Very rarely can an investor make specific investments and then not look at their portfolio at all for years afterward. Part of portfolio management is evaluating your financial assets and ensuring they remain aligned with your overall goals and matches your risk tolerance. Various factors can lead to the need for rebalancing your portfolio and here are some of the things you need to know about it.
Why Portfolio Rebalancing Is Important
The longer your portfolio has a chance to mature and develop, the longer amount of time it has to drift as well. You may have started with allocating 50% into equities, 20% into real estate, 15% into fixed income, and 15% into cash. Over time, this balance could shift one way or another and requires you to move around some financial assets to fix the portfolio drift.
Another reason why portfolio rebalancing is important is if you intentionally want to change the allocation of your financial assets. Your risk tolerance may have changed or your long-term goals may have shifted significantly. In either scenario, rebalancing your portfolio can ensure the right allocation is in place to meet your goals.
Advantages Of Portfolio Rebalancing
When you rebalance your portfolio, you should be looking at how you can sell high and buy low. Having a diversified portfolio gives you more options in this regard and better opportunities for turning your low purchases into winners over the long-term. Rebalancing your portfolio also ensures your asset allocation remains within your risk tolerance so you won’t be as negatively impacted during a market crash or high levels of market volatility.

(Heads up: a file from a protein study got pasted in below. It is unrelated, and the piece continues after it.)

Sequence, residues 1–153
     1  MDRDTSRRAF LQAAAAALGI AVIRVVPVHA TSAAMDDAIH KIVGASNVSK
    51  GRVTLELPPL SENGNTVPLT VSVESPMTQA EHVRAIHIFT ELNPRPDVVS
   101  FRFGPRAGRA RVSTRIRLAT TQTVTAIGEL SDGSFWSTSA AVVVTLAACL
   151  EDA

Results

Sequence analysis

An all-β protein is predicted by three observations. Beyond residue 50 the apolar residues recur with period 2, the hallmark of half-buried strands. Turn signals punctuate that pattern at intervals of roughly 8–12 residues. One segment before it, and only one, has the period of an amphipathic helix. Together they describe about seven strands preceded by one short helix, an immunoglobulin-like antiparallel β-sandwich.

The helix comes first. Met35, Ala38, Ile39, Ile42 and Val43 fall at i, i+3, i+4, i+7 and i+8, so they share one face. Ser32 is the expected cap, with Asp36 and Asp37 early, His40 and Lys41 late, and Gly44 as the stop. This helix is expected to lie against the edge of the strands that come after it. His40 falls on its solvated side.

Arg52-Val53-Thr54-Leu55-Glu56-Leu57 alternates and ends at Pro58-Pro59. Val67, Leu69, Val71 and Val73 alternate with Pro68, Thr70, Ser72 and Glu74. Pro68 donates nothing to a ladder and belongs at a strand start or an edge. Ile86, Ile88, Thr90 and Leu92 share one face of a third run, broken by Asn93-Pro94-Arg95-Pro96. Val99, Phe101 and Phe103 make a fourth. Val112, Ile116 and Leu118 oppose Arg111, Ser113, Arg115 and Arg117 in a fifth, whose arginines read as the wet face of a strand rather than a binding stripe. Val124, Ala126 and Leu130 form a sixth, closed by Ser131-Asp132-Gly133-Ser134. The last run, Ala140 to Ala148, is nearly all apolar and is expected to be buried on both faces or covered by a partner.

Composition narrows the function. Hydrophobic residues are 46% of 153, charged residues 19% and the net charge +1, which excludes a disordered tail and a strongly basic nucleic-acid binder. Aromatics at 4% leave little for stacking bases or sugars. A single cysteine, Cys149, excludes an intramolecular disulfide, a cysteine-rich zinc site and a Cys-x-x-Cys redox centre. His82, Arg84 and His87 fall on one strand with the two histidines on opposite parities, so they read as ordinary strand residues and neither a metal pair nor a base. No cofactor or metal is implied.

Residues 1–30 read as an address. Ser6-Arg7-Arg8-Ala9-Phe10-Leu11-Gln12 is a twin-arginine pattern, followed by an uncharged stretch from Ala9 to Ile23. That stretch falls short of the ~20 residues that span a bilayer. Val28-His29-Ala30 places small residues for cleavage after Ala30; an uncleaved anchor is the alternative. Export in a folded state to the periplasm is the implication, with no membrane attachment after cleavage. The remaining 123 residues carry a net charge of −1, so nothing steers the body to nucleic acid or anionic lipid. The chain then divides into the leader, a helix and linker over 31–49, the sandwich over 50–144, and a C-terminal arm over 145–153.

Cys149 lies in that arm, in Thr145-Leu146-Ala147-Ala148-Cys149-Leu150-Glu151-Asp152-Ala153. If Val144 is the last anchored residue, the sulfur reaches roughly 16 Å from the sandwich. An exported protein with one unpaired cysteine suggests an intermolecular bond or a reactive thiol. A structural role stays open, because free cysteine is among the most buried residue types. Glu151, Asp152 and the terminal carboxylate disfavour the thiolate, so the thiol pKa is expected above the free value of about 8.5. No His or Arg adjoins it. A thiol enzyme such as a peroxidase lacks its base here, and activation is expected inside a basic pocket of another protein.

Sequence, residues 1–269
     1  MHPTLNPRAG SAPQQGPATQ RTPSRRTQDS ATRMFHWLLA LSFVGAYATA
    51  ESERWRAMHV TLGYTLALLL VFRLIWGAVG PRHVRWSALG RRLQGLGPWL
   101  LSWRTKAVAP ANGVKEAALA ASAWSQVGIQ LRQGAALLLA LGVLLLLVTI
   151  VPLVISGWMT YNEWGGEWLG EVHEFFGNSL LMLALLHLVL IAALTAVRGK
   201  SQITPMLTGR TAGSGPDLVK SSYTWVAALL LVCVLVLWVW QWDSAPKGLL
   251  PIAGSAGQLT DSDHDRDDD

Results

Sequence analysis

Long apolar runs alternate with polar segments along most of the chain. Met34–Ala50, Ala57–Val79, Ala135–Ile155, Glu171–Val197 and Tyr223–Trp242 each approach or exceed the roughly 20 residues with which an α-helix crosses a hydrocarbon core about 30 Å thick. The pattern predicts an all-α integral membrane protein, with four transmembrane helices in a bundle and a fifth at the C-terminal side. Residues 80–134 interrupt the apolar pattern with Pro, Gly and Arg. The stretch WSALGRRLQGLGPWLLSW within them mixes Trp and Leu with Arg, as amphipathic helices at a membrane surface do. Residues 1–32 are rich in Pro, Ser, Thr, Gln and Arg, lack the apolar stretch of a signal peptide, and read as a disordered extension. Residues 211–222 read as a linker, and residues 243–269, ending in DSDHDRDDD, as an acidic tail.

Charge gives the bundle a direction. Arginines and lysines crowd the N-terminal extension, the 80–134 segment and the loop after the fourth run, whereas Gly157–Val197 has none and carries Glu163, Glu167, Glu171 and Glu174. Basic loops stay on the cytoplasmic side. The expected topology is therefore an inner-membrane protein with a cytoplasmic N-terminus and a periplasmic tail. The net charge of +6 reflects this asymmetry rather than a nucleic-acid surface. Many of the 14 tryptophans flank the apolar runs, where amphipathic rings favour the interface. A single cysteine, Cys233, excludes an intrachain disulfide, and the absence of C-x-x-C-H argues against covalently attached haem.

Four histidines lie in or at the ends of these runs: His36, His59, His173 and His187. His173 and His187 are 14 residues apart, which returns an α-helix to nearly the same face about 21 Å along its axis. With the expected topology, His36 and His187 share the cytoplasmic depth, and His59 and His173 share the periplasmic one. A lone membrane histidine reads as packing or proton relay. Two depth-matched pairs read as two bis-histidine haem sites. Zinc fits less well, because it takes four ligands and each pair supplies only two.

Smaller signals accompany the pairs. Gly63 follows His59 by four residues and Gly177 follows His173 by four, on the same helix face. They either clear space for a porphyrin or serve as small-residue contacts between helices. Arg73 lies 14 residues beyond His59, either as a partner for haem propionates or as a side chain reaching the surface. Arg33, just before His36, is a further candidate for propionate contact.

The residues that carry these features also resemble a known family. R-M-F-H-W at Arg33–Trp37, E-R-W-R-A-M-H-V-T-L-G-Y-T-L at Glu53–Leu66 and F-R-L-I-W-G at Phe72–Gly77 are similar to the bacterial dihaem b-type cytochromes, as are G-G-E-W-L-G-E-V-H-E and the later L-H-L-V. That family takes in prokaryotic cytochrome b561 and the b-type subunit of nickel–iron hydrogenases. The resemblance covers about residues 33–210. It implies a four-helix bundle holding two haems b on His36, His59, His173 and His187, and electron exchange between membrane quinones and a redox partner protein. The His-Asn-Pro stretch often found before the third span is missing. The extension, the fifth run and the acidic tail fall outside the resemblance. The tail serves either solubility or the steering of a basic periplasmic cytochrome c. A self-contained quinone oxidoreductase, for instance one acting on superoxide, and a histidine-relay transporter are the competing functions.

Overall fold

Can Rebalancing Hurt Your Portfolio?
Portfolio rebalancing is generally perceived as a good move to make, but it can hurt your portfolio if you aren’t careful with it. For one, you may end up selling too early and miss out on the potential for larger returns. Or you may buy low too often and lose any positive momentum you had going. Plus, some investment accounts charge fees every time you rebalance your portfolio, so this is something to look out for. These factors should not deter you from rebalancing your portfolio when it needs to be, but they should make you think twice about rebalancing too often.
How To Rebalance Your Portfolio
Investors can choose to do a full rebalance or an incremental rebalance with their portfolio management. A full rebalance involves selling a decent portion of winning shares and reinvesting into losing shares to balance the percentages out. An incremental rebalance is ideal for small portfolios since large-scale changes aren’t usually required or necessary. Your financial advisor can help you determine which portfolio rebalancing method suits your situation the best.
Stock Investing Info does much more than simply evaluate stock futures. We help our clients manage their financial assets to meet their goals and analyze when the right time is to rebalance their portfolios. We want to help you stay on track with your investments, so contact us at any time if you have any questions or concerns.